By Steve Arthur, Vice President
As my colleague Michael Behm pointed out in a recent blog post, there are a large number of elected and appointed official Groups meetings being held over the summer. Michael’s blog clearly outlined a variety of reasons for attending these meetings and ensuring that we as state government relations professionals derive value from them. One of the reasons he cited was relationship building.
Governor Rick Perry’s recent announcement that he will not seek a 4th full term in 2014 was a recent reminder that relationships are important in our business. The sharp reminder is that no one stays in office forever. That plain and simple truth means that the relationships we build with elected officials and their staffs are not permanent—we constantly need to maintain and update those relationships if we are going to be effective state government relations professionals.
While many things can happen between now and November 2014, Attorney General Greg Abbott is the current frontrunner to replace Perry. Two other Attorneys General, Maryland’s Doug Gansler and New Mexico’s Gary King have stated they are also running for Governor of their states in 2014. For those who need to maintain relationships with Governors’ offices, the relationship building process begins with Generals Abbott, Gansler, King and the numerous other potential candidates. Currently, there are eight Governors that had previously served as Attorney General. The process needs to begin with making sure they understand our clients’ interests and concerns.
That is, of course, unless you or your colleagues have also been attending meetings of the National Association of Attorneys General (NAAG), Conference of Western Attorneys General (CWAG) or the Republican and Democratic Attorneys General Associations (RAGA / DAGA). In that case, strong relationships with the Attorneys General have already been established and your company or trade association is ahead of many others.
This year’s Virginia gubernatorial race is another example. Current Attorney General Ken Cuccinelli is the GOP candidate for Governor and is locked in a tight race. Those who have attended the Attorneys General groups meetings already know General Cuccinelli, and some might have had a relationship with him even before he took that position. Not only is he the current Attorney General, he is also a former state legislator. It should be no surprise that he is not the only one. In the only other gubernatorial race this year New Jersey Senator Barbara Buono is challenging Chris Christie for the state’s highest office.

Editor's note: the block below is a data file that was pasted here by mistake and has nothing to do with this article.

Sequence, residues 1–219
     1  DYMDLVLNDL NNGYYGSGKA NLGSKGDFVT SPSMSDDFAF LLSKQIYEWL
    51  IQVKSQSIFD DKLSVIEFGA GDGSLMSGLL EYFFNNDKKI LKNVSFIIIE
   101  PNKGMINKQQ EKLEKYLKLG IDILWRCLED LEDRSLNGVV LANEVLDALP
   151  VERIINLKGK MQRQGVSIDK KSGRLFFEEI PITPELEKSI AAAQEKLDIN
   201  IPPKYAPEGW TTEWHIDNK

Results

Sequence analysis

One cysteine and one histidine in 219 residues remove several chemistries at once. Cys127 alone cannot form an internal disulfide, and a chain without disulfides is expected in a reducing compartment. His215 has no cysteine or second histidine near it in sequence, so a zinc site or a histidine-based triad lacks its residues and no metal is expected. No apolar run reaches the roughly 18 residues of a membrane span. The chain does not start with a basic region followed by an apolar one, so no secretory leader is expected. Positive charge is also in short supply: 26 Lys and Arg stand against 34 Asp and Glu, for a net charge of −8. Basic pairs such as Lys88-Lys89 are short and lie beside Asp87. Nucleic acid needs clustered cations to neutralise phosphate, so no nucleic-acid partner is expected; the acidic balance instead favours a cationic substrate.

General Cuccinelli and Senator Buono are far from the only state legislators who aspire to be Governor. Twenty current Governors previously served in their state’s House or Senate, six served on a city or county council and three served as a mayor. With the NCSL Legislative Summit beginning August 12, this is a timely reminder that there will be several future Governors walking the hallways of the Georgia World Congress Center.
And when we talk about relationships, we should not overlook staff, especially in the world of Attorneys General. Utah’s and Indiana’s current Attorney Generals, John Swallow and Greg Zoeller, respectively, each served as Chief Deputy Attorney General before being elected in his own right. In the 2014 election cycle, Cynthia Coffman, the current Chief Deputy Attorney General in Colorado is running to replace her boss, John Suthers.
And we should not forget local elected officials. As my colleague Heather Williams has pointed out in a recent blog, there are many opportunities to do business, and build relationships at the local level. If you have worked with a mayor or county official in that capacity, they are very likely to remember you when they are in higher office.
As anyone who has attended a National Governors Association meeting or the Republican or Democratic association meetings can attest, there are a wide variety of companies, trade associations, unions and others vying for Governors’ time and attention. If you have an established relationship from when they were in a previous office, it makes it much easier to catch their attention at these higher profile meetings and events.
So as you evaluate which Groups you should join or support, ask yourself what the value would be to have developed a relationship with Governors well before they were elected to their current office. Would it be valuable to your state government relations program to get to know a future Governor and his or her spouse at dinners or other social events where they have time to talk about issues beyond that one issue you just have to discuss at the next meeting?
Of course, one never knows who will actually be elected to higher office, but relationships you can build with elected officials in their early days can be replicated when those officials start traveling with a large entourage and a calendar scheduled down to every five minutes of his or her time. Keep that in mind if you are trying to decide whether to participate in any particular Group and balance the short term needs versus your long term goals for government relations in the states.